Now, since money is the root of all evil, let's measure that evil in cents.

Let rape be 75% as bad as murder. rape = 75 c murder = $1

A quarter is 5.67 grams. Rape is three quarters. In your example of a toxic relationship it would be 1440 quarters, while murder would only be 4 quarters. That 40 years of abuse would be 360 times as bad with just one assault per month.


Now, if you're talking about the terrible after effects of trauma:

Let's say, despite all evidence, that rape haunts you equally every hour of every day until you die and prevents you from doing anything. You're just catatonic and unable to move for the next 40 years. This is the extreme example, but that's only 350,400 hours of constant suffering.

Murder DOES affect you from the first moment all the way to the end of time. That's unknowable but let's just call it the life of the planet Earth, which will die in 6 billion years. That's 52,560,000,000,000 hours of the same. AT LEAST.
 
2014-08-25 02:39:18 AM  
but are the rape kits legitimate?
 
2014-08-25 02:42:10 AM  

Somacandra: This is a fairly new idea, you understand. Up until 1977, some states had the death penalty for rape until the SCOTUS struck it down. Then some states passed capital punishment for child rape, because that wasn't covered by the SCOTUS decision. SCOTUS declared capital punishment for child rape unconstitutional just SIX YEARS AGO.


Was the concept of rape eligible for the death penalty through 1977 the same as the more inclusive concept we now use?  By that I mean it's possible that the rapes that were prosecuted up until the '70s may have been more likely to be the violent, stranger rape variety, moreso than the too-drunk-to-consent-at-college kind, or the within-marriage kind (which might not have even been categorized as rape in those days).

This is definitely not my area of knowledge, but if I had to guess, those who were given the death penalty probably fell into one of a number of (possibly overlapping) categories, including multiple victims, stranger rapes, rapes using violent coercion and/or a weapon, and non-white guy raping a white woman.

The point being, I think it's likely that in practice, *certain kinds* of rape could result in the death penalty at the time, and the mindset of the powers that be at the time would probably not support the death penalty for many actions that we consider rape today. That said, I don't know how much we should be holding old standards as guides.  It wasn't that long ago that many states mandated prison terms for consensual homosexual sodomy.  And frankly, I think those laws and the capital punishment for rape laws come from the same place: rules of sexual morality.  In terms of the rape victims, I imagine they cared more about a woman's "virtue" than the woman herself.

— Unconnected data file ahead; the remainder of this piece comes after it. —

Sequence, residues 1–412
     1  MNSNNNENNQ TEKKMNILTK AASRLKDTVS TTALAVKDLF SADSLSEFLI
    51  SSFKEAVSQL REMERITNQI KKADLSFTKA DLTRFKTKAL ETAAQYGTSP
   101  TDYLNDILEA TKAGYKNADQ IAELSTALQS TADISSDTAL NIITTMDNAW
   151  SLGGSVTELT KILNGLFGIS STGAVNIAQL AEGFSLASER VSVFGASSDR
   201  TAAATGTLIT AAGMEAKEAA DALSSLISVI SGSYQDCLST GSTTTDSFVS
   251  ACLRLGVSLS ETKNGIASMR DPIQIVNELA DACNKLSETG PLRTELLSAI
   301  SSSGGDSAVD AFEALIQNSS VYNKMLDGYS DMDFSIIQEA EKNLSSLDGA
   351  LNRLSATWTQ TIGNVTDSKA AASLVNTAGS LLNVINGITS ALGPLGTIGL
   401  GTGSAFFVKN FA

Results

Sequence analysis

2014-08-25 02:47:20 AM  

SilentStrider: Murder doesn't have a Statute of Limitations. Given how heinous a crime rape is, why should it be different?


Because in a murder case, the victim cannot act as her own advocate.
 
2014-08-25 03:25:48 AM  
This is definitely good political posturing on the part of Wendy Davis - let's get a Republican political candidate making a statement about rape! Any kind of statement at all!

This isn't going to happen without legislative approval, so it's kind of a red herring, but it keeps Wendy in the news and has potential to make her opponent look bad. On top of that, Abbott is mixed up in the scandal Perry was trying to avoid by replacing the D.A., so this might push many female voters, and male voters with the slightest bit of empathy, over the edge to voting for her. A lot depends on Abbott's reaction.
 
2014-08-25 04:12:08 AM  

doglover: Somacandra: doglover: Murder has always been, will always be, and logically must be the worse crime.

Just because you assert that doesn't make it self-evidently true. If a person tortures another person (through rape or otherwise) for 40 years only to find their victim dying of natural causes, is that a lesser crime than killing someone immediately outright without torturing them? There are perhaps compelling reasons to argue that turning someone's last 40 years into torture is more horrific than a quick and simple death.

40 years' worth is a LOT of crimes, not just one crime. Let's say they average one rape per month for the next 40 years of that abuse. That's 1440 rapes.

Now, since money is the root of all evil, let's measure that evil in cents.

Let rape be 75% as bad as murder. rape = 75 c murder = $1

A quarter is 5.67 grams. Rape is three quarters. In your example of a toxic relationship it would be 1440 quarters, while murder would only be 4 quarters. That 40 years of abuse would be 360 times as bad with just one assault per month.


Now, if you're talking about the terrible after effects of trauma:

Let's say, despite all evidence, that rape haunts you equally every hour of every day until you die and prevents you from doing anything. You're just catatonic and unable to move for the next 40 years. This is the extreme example, but that's only 350,400 hours of constant suffering.

Murder DOES affect you from the first moment all the way to the end of time. That's unknowable but let's just call it the life of the planet Earth, which will die in 6 billion years. That's 52,560,000,000,000 hours of the same. AT LEAST.


I there are some logical fallacies or mathematical impossibilities at play here.
 
2014-08-25 04:19:29 AM  
I'd like to know why the back log is so huge and why they are going untested
 
2014-08-25 04:23:08 AM  
Here's Texas bragging about how great they're doing as a state with an economy that's supposedly growing by leaps and bounds and they can't find the $6 Million or so to process those rape kits within the year?